The U.S. Department of Homeland Security (DHS) will release a new system of guidelines intended to increase security in the software in many Web-based services. The guidelines include a list of the top 25 programming errors that lead to the most serious hacks. DHS says it hopes that the system will make it easier for companies and agencies to secure their parts of cyberspace and contribute to developing safer global networks.
The top 25 list was created by the SANS Institute and Mitre, as well as top security experts in the United States and Europe. The number one security risk, according to the list, is a programming error that allows SQL-injection attacks on Web sites.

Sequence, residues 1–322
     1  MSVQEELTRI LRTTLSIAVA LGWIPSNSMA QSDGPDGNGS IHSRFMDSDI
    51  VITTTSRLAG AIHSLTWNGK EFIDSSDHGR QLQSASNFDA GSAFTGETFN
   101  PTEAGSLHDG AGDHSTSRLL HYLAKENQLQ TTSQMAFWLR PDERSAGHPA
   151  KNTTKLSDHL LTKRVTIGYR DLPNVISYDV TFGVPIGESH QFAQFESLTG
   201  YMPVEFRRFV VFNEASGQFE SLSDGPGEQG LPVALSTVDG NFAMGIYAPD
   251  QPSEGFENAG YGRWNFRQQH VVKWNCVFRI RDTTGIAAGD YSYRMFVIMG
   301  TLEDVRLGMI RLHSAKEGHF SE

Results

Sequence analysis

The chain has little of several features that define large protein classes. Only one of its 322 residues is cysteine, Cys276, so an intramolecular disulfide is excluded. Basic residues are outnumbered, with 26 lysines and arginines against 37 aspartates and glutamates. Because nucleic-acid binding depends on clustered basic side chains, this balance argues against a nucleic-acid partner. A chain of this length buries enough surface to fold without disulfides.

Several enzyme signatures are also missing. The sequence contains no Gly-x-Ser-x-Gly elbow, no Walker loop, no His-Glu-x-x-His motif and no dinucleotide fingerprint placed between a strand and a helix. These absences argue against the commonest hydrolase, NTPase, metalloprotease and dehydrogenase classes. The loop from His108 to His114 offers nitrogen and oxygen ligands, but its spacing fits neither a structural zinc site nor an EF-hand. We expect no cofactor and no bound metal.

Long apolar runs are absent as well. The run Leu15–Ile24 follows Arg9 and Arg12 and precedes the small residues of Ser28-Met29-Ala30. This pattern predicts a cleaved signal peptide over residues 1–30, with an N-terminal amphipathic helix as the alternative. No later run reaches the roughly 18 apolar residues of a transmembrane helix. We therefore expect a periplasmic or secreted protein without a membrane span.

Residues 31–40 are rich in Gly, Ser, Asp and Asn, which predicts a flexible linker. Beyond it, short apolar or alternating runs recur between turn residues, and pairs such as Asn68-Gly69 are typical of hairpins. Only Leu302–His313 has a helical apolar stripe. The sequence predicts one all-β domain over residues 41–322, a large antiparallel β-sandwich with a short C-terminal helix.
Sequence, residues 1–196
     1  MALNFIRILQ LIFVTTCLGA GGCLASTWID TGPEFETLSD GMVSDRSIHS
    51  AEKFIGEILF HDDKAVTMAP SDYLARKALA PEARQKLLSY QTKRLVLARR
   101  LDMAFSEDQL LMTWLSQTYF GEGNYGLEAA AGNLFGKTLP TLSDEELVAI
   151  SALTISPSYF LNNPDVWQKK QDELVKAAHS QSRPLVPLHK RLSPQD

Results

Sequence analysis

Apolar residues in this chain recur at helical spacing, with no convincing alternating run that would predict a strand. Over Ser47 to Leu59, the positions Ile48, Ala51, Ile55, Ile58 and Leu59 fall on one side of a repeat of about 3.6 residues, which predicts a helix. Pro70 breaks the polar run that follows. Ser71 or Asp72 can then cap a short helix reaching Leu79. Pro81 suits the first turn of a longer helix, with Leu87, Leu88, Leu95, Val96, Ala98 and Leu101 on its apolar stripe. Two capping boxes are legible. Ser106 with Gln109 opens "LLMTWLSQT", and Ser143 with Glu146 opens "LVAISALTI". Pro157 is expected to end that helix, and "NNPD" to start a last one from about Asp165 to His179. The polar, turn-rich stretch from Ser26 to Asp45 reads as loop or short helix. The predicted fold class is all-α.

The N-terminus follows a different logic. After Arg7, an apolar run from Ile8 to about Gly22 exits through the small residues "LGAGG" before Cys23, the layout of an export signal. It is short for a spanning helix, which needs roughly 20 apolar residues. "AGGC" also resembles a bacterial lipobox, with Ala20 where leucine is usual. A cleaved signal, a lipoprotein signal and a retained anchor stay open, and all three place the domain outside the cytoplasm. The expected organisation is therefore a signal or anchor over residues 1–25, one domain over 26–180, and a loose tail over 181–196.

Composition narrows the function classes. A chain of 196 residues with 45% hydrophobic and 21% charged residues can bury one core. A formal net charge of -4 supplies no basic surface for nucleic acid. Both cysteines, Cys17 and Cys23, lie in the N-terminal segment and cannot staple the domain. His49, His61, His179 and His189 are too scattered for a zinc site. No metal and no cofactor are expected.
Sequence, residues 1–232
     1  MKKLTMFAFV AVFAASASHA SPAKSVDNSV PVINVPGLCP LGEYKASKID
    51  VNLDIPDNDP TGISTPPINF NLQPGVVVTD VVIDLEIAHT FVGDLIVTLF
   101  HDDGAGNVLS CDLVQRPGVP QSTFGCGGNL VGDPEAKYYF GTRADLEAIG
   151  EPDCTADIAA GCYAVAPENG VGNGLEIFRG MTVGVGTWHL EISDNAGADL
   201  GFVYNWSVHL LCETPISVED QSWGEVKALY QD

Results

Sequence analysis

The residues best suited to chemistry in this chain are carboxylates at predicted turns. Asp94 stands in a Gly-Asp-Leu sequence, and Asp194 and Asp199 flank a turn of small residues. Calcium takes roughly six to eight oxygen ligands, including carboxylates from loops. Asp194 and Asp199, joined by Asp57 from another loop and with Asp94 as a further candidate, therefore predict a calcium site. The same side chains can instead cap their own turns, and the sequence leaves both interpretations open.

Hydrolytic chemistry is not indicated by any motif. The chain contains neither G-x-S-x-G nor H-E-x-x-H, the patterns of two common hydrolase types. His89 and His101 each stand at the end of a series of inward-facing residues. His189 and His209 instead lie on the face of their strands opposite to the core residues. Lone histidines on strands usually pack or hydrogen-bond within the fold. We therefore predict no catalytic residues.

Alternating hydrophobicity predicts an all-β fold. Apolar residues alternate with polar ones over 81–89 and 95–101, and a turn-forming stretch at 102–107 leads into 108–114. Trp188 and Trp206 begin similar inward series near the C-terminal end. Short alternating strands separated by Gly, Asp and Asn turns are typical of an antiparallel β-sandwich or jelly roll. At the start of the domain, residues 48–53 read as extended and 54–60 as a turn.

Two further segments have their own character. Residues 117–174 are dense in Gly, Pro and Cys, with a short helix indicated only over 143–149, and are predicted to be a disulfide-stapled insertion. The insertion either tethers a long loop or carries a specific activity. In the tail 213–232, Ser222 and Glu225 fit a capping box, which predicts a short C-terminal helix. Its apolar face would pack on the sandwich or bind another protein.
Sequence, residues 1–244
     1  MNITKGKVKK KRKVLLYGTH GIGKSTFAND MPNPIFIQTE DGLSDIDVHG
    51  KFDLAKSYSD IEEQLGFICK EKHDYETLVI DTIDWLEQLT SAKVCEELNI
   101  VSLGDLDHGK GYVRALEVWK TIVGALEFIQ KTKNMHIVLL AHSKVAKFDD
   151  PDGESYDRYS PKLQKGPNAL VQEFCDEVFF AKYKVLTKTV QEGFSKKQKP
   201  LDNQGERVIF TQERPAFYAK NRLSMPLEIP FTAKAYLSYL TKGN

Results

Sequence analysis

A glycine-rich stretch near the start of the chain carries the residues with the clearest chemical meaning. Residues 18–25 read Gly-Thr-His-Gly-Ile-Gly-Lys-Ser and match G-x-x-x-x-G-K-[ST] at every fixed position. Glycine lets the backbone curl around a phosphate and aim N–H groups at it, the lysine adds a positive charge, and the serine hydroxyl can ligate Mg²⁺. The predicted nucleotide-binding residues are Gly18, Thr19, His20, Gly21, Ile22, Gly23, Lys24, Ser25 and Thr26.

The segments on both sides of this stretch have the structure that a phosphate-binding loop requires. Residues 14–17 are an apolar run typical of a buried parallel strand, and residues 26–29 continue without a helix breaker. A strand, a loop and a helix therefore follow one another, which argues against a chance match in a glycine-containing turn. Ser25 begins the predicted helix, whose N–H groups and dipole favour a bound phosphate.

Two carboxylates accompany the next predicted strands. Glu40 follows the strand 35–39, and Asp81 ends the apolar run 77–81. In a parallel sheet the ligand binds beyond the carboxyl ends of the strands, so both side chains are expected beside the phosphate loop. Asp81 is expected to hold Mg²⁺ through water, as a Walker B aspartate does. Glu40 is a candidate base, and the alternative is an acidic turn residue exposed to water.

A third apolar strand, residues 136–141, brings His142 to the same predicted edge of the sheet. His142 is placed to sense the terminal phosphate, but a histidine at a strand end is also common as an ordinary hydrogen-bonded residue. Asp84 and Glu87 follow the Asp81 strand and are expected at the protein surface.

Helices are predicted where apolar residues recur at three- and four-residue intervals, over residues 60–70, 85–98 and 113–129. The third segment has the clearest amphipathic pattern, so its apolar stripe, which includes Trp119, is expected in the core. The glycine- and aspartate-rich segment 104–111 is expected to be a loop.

The guidelines also will include vignettes for industries such as electronic commerce, banking, and manufacturing that will highlight which programming mistakes are the biggest risks.
Avoiding common programming mistakes is vital to fending off today's worst attacks, says SANS director Alan Paller. "This is the only way to get around [zero-day attacks]," Paller says. "The only possible defense is to stop the error from being in the software in the first place."
From The New York Times
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